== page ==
Bernie Sanders declared he was an ally to the transgender community and he vowed to expand transgender protections under existing federal civil rights laws if he’s elected — according to his answers to a presidential questionnaire sent in April by a transgender-rights advocacy group.
More than a month after receiving the same questions, however, Hillary Clinton hasn’t provided answers to the Trans United Fund's survey — even though her campaign initially indicated she would respond.
“I think Sanders’s answers were thoughtful and strong," said Hayden Mora, chair of Trans United Fund’s organizing committee, which was formed this year as a response to a growing effort by conservatives to block and repeal transgender rights.
In contrast, Mora said the group's leaders "feel disappointed and perplexed” by Clinton's silence.
“She has been a champion on these issues,” said Mora. “But I’m disappointed. The trans community is in tremendous crisis, not just due to issues of violence and HIV, but also because there is a national coordinated political attack by extremists now more than ever.”
Mora said Sanders responded to the 11 pages of questions within 10 days, expressing support for a wide range of proposals, from facilitating health care services by federal agencies to banning discrimination by federal contractors overseas.
“Too often, it seems as if the ‘T’ in LGBT is silent,” Sanders wrote. “In my administration, the T will not be silent.”
Sanders said that he supports using civil rights laws to advance transgender nondiscrimination policies “until Congress formally adds those protections to our laws.”
In the past month, the Obama administration’s Justice Department used an evolving interpretation of civil rights laws to bring a lawsuit against North Carolina, challenging an anti-transgender statute, and it issued guidance with the Education Department on ways to accommodate transgender students.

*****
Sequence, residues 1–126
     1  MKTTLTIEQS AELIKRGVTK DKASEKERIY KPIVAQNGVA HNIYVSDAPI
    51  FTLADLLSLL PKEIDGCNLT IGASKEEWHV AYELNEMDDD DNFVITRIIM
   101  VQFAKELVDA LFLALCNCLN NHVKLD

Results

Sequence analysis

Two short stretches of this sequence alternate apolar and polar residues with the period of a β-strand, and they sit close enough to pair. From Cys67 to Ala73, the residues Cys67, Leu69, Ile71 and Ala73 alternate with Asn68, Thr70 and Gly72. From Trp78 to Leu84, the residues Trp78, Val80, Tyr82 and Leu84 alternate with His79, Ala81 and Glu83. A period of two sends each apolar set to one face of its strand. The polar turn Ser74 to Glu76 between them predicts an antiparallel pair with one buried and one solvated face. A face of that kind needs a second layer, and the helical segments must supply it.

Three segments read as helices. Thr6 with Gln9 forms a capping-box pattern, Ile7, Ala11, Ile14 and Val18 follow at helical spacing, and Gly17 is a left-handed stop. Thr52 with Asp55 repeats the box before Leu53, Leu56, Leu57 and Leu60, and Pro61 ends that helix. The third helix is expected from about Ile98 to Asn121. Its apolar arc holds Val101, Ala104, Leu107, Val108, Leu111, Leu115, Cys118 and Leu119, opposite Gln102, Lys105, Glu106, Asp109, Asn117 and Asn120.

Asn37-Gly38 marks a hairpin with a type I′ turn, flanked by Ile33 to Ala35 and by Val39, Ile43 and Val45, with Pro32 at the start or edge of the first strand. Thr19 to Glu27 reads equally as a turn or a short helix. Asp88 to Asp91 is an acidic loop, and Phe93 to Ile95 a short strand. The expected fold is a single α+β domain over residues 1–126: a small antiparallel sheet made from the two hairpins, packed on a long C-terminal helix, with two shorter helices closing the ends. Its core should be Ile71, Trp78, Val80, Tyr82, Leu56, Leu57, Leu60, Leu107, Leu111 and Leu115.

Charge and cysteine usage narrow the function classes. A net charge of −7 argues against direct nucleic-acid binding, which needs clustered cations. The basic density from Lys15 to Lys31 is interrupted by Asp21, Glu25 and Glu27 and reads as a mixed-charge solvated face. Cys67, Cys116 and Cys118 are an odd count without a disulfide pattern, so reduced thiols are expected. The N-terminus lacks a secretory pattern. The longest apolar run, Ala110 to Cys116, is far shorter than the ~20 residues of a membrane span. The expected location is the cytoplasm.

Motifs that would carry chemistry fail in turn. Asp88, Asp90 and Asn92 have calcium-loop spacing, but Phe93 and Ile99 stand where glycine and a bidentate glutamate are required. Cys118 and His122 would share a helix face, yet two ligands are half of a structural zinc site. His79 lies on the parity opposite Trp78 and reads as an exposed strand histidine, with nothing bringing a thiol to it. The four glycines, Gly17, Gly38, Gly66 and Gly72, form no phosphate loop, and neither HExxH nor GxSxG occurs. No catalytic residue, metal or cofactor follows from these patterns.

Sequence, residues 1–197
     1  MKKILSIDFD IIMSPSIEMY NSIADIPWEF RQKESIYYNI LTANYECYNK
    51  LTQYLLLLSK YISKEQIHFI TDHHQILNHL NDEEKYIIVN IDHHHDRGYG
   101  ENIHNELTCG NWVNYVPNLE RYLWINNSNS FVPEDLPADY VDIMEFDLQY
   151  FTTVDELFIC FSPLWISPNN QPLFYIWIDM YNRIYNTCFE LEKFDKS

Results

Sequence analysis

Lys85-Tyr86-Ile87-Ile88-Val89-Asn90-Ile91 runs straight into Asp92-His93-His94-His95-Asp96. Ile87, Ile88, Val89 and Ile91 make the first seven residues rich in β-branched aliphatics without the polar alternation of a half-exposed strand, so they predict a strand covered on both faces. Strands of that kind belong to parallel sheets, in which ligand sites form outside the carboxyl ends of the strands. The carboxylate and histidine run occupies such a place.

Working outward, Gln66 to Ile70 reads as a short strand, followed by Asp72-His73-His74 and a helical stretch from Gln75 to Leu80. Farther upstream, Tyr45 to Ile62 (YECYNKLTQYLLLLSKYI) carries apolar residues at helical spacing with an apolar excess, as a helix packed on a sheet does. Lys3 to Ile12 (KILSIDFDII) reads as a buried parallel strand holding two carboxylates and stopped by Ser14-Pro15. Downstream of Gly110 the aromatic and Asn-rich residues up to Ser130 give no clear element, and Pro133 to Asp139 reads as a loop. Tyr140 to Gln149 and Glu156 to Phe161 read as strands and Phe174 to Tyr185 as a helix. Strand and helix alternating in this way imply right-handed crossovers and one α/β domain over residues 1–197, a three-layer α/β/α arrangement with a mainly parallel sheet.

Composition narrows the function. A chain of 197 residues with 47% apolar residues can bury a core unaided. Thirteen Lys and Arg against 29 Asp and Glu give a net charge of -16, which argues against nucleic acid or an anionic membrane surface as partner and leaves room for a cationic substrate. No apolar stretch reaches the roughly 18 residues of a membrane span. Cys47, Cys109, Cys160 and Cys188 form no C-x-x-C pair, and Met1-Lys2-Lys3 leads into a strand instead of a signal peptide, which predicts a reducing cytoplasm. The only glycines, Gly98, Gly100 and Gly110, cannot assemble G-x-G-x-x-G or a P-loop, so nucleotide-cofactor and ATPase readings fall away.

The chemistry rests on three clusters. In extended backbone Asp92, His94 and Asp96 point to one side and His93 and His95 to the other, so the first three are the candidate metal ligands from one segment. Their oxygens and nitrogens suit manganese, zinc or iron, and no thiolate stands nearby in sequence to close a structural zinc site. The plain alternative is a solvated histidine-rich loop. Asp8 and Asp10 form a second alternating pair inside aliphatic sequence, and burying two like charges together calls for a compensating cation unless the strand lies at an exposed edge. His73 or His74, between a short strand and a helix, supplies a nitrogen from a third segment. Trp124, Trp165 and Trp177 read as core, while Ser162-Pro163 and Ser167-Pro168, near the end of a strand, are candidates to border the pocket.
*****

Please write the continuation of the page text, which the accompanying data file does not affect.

“The last three weeks have shown the power and importance of the federal government in protecting the barest minimums of basic rights for trans folks,” Mora said. “It’s powerful that the Sanders campaign took the time to complete the survey and are unabashed in their support.”
The Clinton campaign — which had issued a detailed LGBT policy paper last year — initially indicated it would answer the group's questionnaire in an April 11 email that Trans United Fund shared with BuzzFeed News. “The Secretary has been a leader on many trans issues, and we look forward to responding,” a staffer on the campaign wrote in the email.
But one month later, more emails between the parties show, the campaign had not returned the questionnaire or responded to a request to summarize Clinton’s positions.
Sanders has not always fleshed out his position on transgender rights, either. In April, Sanders said he “would do everything I can” to overturn anti-LGBT laws in North Carolina and Mississippi. However, he did not answer questions from BuzzFeed News at the time about how he might do that.
Providing slightly more detail, Clinton said at the time she would challenge those state laws “through legal action in the courts, pursuing federal legislation, or using the bully pulpit to address actions in the states.”
The presumptive Republican nominee, Donald Trump, and his campaign also did not respond to Trans United Fund's questionnaire. Clinton’s and Trump's campaigns did not immediately reply to BuzzFeed News’ questions Monday about why they did not respond.